David Morley is an electronic musician known for his innovative compositions that blend ambient, techno, and experimental elements. Emerging in the early 1990s on Belgium’s R&S Records and its ambient-leaning sub-label Apollo, he has crafted a distinct sound characterized by synthesized melodies, pulsating rhythms, and ethereal atmospheres that transports listeners to otherworldly spaces. With a career spanning over three decades, Morley has garnered critical acclaim and collaborated with renowned artists (most notably Andrea Parker) and labels worldwide, solidifying his reputation as a visionary of electronic music.
I first encountered Morley’s work on the Apollo Ambient Collection to which our Brit contributed – via his Belgium-based studio – single “Evolution”, another track “Calibration” and a remix of Golden Girls’ “Kinetic”. Apollo’s 2-CD follow-up in 1995 – The Divine Compilation – featured Morley’s “The First Floor” and “Stardancer” plus “Too Good To Be Strange”, his first collaboration with Andrea Parker under the name Two Sandwiches Short Of A Lunchbox. UK residents picking up a copy of Muzik magazine that same year might also recall a covermount cassette called Refresh Your Ears that mixed some of R&S Records’ tougher techno cuts like Joey Beltram’s “Energy Flash”, Ken Ishii’s “Extra” and the recently re-issued/re-mixed “20Hz” by Capricorn with more contemplative fare like David Morley’s “Birth” and Future/Past’s “Hyperspace”. If I’m being honest, I grabbed it for Orbital’s remix of the aforementioned “Kinetic”.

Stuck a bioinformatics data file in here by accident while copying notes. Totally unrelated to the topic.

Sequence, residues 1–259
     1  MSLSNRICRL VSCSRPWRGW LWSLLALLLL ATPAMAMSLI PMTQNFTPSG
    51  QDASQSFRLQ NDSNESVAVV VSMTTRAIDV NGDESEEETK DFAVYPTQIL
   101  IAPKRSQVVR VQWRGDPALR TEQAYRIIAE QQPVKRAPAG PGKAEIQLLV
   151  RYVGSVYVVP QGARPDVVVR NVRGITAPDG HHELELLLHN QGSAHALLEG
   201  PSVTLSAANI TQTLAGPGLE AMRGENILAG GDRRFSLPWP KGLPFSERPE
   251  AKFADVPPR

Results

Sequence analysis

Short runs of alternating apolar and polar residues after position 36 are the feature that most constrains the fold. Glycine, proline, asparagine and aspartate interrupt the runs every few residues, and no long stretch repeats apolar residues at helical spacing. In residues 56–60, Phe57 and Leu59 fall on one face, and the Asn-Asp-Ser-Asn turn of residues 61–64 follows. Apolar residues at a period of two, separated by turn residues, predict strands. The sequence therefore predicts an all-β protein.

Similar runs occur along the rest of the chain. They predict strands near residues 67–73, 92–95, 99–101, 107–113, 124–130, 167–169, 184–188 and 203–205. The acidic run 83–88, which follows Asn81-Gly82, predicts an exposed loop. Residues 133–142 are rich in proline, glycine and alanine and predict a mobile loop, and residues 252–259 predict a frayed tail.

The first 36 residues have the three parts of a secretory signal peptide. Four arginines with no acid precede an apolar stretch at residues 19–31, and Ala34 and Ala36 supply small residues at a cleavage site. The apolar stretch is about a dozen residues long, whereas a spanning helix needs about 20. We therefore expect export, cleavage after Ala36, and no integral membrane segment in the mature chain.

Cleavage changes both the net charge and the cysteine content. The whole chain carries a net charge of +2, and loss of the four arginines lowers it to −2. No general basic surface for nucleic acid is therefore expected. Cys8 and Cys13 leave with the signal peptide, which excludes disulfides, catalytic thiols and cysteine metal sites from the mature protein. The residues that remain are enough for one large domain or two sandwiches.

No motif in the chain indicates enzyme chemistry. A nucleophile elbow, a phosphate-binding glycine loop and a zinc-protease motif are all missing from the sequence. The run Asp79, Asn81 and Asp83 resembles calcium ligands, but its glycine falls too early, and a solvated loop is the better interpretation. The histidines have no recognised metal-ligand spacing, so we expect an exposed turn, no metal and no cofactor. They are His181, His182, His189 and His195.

Almost thirty years later, I wondered if Morley would be keen to chat on the Darko.Audio podcast. What follows confirms his affirmative response but also the man’s thoughts on the ambient techno of the early-to-mid 90s being like no other period in electronic music. Before we got into that, I wanted to ask Morley: was he really in Stanley Kubrick’s Barry Lyndon?